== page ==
For both the use diaries and walkthrough we created a user profile to tour the platform environment. We put the same data in each app to allow for comparison across apps. We created a user profile based on a persona of a 25-year-old woman, with a weight of 65 kg, and a height of 170 cm, with no illnesses, and no use of hormonal contraceptives. While we here, by design, focus on use from a non-problematic user perspective this study is part of a larger project where all manners of experiences and types of bleeders are considered. In the larger project, we will also further investigate users’ experiences.
Our data comprise nine in-depth app walkthroughs, roughly 93 pages as well as 10 user diaries over several pages each with detailed experiences and thoughts for 2 months of regular use of the apps. In the research group we all have experiences of bleeding, some with no previous experience of period tracking using apps, and some with many years of experience. This provided a constructive setting for our analysis as we could discuss through and reach a consensus on coding through different lenses.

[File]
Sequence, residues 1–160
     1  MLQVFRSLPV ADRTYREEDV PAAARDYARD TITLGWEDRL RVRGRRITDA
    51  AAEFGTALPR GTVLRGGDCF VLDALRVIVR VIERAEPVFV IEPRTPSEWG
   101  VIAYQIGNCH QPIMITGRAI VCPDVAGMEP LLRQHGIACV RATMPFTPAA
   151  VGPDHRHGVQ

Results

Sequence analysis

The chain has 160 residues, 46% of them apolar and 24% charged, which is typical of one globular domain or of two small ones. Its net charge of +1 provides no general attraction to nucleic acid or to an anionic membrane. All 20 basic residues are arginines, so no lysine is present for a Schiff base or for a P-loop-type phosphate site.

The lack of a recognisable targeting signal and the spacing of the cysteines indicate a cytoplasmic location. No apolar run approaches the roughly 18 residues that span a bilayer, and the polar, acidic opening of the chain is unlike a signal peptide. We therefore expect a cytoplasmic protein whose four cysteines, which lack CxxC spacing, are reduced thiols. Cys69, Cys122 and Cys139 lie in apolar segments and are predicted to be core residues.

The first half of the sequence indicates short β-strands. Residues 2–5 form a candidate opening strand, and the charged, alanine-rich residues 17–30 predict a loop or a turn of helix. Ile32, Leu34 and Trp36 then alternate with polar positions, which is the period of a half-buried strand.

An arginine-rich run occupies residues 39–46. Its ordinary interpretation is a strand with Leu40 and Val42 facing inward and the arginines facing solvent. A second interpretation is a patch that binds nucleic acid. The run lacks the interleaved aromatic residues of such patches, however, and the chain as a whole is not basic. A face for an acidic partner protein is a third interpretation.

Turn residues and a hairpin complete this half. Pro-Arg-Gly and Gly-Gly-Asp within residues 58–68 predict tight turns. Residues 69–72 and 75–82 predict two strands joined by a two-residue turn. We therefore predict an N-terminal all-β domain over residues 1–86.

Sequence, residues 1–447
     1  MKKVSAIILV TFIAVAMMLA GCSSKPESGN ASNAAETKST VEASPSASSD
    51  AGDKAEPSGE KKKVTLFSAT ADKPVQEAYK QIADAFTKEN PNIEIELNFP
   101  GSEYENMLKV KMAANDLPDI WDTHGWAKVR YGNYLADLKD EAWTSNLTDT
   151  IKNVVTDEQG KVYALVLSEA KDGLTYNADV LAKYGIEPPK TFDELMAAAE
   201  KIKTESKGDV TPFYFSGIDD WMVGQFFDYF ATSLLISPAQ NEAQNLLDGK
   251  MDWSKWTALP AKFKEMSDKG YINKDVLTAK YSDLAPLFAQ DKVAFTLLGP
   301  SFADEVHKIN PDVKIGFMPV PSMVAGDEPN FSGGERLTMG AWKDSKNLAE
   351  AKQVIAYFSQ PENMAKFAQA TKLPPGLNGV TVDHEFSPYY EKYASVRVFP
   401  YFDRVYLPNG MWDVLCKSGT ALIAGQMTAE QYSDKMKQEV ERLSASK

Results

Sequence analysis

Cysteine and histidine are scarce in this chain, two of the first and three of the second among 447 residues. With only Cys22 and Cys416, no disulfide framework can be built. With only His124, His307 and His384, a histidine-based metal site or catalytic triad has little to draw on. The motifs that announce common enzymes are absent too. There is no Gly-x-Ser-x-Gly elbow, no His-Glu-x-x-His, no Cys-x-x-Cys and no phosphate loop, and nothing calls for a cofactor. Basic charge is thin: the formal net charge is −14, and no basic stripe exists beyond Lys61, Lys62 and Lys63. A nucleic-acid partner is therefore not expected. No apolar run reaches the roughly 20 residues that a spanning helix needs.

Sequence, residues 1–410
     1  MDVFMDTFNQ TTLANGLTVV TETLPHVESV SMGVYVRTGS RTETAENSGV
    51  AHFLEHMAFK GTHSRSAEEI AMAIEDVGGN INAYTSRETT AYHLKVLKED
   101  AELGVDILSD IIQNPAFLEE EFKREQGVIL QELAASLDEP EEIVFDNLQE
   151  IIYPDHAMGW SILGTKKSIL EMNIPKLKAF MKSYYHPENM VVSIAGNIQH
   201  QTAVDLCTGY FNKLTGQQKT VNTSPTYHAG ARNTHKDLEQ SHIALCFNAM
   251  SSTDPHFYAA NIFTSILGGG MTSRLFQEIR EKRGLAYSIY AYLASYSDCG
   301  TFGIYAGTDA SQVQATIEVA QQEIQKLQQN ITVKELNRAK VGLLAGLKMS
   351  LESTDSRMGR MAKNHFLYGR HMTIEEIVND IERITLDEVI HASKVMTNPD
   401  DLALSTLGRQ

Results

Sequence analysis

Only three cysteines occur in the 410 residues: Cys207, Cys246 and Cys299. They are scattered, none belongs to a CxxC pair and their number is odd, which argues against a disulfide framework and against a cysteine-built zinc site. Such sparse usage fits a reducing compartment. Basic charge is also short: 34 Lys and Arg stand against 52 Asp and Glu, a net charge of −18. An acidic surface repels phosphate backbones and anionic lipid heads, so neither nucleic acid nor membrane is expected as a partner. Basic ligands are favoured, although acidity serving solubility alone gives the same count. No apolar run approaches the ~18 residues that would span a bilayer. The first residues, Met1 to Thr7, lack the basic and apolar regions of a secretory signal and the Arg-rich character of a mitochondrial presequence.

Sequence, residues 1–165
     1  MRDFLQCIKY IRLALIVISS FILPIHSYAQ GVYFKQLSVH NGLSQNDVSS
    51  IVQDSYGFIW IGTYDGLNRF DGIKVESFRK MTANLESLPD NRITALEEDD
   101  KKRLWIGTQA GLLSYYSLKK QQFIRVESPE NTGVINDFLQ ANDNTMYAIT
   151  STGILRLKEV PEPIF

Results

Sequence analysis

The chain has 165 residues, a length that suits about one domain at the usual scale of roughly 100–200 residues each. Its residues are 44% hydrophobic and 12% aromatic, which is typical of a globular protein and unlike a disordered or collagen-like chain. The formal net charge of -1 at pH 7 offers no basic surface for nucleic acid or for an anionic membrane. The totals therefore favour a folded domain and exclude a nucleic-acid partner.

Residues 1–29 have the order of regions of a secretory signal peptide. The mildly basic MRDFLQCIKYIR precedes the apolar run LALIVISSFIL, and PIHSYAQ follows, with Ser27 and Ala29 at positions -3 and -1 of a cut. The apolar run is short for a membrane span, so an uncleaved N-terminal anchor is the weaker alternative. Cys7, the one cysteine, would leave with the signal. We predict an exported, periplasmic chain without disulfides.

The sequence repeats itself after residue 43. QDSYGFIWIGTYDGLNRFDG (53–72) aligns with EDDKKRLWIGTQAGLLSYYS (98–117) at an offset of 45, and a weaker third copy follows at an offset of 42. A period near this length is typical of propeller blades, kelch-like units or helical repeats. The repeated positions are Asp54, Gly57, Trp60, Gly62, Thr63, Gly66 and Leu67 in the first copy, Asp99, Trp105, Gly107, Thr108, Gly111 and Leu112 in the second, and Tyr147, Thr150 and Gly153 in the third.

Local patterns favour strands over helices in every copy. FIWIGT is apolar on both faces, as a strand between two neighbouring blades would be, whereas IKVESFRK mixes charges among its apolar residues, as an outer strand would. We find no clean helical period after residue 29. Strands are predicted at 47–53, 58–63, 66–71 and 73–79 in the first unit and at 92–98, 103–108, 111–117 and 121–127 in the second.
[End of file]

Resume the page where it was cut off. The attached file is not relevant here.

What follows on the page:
We coded the apps using a deductive approach through the coding scheme adapted from Light et al. (2018) using twenty categories such as the app’s vision, operating model and governance, interfaces and content, everyday use case scenario, and so on. For the full coding sheet see Supplementary material 1.
We then coded both app walkthroughs and diaries together using an inductive approach where we looked for relevant analytical themes in the collected data which concerned the representation of menstruation. The three main inductive themes are temporal interface metaphors, tracking with input and output of intimate data, and the way certainty and uncertainty are leveraged in fertility predictions. These are the main categories in the result section.